And that is what happened. Microsoft won that war. Not that I am happy about it (I was a Novell server guy to begin with and had to re-learn and re-test to be a MS guy).
But the government never saw this as “infrastructure” which it really was. Indeed when they told MS they had to allow other browsers and not bundle theirs MS made their browser an integral part of their OS and sidestepped the issue. Anyone remember Netscape here?
So, we now have MS who has what…90% of all installed operating systems in the world? And they are not a monopoly?
I will say that I think MS knows they need to not roll over and go to sleep. There are a lot of people craving to carve out a slice of that market and if MS overpriced or stopped innovating it would not take long for someone else to usurp their place.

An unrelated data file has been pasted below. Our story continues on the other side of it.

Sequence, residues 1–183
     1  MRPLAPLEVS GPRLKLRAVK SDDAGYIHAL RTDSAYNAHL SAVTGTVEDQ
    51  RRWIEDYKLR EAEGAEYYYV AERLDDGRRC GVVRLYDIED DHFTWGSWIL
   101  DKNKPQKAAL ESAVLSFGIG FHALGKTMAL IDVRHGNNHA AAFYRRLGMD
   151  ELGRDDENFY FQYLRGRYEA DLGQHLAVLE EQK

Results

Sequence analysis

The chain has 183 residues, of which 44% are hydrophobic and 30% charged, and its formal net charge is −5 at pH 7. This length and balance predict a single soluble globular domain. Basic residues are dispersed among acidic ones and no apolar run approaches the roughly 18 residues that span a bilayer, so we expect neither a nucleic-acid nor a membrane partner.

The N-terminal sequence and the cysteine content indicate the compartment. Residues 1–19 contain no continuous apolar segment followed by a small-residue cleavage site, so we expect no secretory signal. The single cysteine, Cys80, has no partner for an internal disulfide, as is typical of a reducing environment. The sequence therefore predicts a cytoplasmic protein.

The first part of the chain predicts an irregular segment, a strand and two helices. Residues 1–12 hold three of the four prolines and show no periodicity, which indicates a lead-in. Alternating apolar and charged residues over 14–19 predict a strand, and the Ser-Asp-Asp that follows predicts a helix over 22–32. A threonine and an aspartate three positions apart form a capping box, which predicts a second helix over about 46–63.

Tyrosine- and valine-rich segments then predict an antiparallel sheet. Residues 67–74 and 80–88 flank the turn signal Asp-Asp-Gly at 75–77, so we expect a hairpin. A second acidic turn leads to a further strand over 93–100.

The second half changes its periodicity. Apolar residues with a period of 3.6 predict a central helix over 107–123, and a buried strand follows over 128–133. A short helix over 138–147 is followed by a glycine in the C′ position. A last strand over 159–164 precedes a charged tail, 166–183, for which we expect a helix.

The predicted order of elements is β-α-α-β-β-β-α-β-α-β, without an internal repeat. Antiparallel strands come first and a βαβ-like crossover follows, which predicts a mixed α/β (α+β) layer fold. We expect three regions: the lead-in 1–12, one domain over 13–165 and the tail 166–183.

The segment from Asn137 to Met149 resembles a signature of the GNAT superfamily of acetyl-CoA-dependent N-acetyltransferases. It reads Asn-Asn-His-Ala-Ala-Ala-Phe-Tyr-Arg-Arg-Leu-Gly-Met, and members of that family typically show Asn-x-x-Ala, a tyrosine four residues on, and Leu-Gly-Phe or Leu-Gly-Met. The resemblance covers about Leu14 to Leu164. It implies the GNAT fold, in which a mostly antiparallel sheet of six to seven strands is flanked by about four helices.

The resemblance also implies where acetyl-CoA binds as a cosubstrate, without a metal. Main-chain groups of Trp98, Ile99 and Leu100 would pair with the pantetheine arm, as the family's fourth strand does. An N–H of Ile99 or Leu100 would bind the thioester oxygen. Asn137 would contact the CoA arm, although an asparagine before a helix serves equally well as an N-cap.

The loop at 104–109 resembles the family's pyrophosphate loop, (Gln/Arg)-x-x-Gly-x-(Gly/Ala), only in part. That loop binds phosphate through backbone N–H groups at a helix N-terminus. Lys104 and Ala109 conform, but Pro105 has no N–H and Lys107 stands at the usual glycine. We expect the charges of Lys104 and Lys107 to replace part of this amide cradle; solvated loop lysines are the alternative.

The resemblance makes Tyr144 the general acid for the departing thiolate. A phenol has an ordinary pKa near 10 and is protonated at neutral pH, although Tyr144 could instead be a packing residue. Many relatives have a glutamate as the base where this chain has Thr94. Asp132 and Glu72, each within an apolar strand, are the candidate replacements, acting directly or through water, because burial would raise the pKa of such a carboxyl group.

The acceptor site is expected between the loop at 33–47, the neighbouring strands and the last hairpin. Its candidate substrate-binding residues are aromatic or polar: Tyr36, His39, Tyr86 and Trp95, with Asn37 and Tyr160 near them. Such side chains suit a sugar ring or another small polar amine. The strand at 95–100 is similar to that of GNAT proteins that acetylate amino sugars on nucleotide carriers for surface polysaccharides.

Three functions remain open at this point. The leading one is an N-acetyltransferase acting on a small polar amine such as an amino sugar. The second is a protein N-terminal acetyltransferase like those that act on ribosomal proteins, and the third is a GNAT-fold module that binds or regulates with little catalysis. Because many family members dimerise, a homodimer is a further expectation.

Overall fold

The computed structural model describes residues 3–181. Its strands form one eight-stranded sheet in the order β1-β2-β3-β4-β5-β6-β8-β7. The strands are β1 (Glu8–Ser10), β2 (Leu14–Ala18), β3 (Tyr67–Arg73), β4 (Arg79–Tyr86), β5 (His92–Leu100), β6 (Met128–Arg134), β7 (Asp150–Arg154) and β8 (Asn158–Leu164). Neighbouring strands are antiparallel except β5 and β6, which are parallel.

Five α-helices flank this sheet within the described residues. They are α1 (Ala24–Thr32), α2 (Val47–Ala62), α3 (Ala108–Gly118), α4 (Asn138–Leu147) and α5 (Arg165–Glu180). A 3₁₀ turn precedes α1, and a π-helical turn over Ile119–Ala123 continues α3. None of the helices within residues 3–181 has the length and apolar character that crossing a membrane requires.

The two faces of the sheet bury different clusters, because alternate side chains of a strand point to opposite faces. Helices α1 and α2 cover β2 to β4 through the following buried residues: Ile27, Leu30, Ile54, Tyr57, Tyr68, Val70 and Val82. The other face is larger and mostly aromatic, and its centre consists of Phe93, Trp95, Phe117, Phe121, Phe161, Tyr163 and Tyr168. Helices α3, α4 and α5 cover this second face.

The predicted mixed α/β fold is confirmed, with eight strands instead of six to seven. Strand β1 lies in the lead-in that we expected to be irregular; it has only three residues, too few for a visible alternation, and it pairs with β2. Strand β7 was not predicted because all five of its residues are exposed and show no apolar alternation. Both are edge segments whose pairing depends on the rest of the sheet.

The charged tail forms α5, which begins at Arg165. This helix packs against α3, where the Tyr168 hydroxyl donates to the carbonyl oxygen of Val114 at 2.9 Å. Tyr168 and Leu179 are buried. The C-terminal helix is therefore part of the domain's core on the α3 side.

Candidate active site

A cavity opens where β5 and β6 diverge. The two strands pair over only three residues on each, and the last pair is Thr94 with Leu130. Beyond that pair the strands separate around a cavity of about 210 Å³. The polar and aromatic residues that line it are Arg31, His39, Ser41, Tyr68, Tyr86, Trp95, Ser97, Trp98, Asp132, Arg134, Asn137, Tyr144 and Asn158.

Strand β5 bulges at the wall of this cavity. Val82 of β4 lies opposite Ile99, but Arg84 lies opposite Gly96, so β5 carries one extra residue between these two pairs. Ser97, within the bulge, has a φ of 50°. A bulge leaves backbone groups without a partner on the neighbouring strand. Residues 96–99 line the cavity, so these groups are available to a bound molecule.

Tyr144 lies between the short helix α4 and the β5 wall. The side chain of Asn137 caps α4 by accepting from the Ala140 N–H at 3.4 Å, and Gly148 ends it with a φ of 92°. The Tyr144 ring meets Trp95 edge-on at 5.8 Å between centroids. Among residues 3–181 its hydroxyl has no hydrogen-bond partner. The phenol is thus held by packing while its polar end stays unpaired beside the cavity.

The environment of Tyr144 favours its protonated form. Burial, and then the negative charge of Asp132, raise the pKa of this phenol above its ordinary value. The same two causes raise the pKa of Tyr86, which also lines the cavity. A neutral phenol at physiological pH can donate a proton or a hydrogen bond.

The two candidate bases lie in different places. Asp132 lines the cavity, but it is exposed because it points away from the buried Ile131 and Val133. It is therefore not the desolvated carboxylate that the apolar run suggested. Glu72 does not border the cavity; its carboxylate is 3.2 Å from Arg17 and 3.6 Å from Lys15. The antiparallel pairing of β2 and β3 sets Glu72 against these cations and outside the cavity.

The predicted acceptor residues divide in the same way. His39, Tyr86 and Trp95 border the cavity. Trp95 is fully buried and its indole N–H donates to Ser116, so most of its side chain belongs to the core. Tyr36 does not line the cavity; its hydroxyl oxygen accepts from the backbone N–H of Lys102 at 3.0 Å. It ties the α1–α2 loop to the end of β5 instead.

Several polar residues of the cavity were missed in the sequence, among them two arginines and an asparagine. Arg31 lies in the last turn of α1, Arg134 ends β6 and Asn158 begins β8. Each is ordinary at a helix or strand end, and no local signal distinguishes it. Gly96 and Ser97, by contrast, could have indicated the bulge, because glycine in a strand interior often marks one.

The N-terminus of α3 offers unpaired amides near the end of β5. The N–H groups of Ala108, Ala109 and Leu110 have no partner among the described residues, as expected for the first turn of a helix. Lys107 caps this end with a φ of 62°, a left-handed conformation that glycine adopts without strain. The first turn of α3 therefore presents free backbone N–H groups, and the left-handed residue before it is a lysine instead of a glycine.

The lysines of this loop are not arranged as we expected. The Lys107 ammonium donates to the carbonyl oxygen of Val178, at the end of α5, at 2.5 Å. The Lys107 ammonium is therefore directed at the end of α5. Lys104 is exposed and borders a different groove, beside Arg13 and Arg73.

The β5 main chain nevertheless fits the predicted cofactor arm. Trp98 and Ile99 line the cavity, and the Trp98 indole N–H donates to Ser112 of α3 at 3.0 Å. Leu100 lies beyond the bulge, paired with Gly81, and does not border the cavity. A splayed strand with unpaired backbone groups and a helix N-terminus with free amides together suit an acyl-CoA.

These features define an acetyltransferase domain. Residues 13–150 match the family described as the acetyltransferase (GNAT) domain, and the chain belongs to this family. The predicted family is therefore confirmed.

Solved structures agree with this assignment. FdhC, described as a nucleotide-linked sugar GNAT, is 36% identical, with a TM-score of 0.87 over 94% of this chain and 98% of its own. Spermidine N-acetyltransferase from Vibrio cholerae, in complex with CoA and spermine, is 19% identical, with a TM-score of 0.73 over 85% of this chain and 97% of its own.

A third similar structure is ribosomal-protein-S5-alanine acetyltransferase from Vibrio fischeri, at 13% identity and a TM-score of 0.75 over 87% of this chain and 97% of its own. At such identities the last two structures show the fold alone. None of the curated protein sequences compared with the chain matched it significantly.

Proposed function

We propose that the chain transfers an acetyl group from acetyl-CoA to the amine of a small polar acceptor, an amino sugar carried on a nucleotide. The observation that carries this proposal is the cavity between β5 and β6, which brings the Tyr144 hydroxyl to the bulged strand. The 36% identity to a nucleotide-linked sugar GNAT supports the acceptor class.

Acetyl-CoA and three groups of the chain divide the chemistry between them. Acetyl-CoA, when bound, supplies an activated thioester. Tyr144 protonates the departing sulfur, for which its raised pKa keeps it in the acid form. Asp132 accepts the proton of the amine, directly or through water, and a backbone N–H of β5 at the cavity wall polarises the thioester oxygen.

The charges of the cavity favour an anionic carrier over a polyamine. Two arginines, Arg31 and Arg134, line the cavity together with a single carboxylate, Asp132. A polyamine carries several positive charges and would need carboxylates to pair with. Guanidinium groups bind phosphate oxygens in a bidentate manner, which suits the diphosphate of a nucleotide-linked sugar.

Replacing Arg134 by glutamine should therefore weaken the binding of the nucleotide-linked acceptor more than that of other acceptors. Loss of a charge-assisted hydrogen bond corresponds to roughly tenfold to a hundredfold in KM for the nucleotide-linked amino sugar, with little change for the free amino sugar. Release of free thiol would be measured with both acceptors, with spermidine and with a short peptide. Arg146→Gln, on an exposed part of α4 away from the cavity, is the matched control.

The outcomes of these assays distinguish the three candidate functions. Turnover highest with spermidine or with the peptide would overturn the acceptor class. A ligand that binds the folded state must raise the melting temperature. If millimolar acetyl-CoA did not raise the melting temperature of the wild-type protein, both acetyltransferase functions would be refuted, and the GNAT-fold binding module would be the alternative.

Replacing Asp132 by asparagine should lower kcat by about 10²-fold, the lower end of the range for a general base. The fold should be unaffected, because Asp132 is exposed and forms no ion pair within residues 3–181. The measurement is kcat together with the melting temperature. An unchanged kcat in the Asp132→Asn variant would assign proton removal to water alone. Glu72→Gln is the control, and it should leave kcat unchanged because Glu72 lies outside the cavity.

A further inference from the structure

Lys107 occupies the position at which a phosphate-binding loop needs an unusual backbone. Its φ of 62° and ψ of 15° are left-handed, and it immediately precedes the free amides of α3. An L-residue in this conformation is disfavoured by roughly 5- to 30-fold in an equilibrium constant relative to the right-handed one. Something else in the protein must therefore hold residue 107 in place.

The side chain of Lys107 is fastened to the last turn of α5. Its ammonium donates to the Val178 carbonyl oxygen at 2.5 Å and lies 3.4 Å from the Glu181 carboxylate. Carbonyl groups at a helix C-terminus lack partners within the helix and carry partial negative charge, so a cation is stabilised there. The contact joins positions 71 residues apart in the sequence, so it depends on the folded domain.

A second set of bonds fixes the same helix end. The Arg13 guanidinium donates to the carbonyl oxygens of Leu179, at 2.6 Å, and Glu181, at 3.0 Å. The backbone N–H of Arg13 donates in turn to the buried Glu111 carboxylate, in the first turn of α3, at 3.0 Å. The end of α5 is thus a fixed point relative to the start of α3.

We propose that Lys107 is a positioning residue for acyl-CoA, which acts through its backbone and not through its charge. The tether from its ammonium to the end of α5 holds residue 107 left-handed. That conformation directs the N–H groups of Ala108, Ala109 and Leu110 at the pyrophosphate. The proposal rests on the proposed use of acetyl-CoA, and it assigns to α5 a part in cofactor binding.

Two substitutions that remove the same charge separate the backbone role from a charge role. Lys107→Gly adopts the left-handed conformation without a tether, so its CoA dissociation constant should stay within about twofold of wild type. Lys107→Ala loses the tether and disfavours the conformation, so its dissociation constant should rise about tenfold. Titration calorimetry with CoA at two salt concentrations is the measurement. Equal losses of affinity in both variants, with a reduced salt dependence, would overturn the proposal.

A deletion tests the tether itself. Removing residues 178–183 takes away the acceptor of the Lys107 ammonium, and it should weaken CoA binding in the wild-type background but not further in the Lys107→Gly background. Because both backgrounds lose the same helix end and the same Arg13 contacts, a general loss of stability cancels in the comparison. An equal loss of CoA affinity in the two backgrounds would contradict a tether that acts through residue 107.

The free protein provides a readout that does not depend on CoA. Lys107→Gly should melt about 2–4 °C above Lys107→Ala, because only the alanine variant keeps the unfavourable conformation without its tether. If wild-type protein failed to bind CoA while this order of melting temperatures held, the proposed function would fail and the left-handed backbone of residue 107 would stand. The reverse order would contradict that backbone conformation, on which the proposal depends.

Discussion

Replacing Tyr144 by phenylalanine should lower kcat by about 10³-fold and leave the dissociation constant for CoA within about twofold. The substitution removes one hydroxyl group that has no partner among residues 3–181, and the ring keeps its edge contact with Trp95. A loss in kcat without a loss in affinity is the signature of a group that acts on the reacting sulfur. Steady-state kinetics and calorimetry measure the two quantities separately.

So maybe here is a monopoly (or near enough) who still has enough fear of competition to play (semi) nice with its consumers.
How does a monopoly inhibit innovation? You say they simply buy companies that innovate, but that coupled with a previous post seems to favor innovation to me. If the worst-case-scenario is being purchased for what would probably be an obscene amount of money, why not innovate? It seems that if another company wants into a monopolized market, they are forced to innovate. This strikes me as promoting innovation, even if it is rather indirect.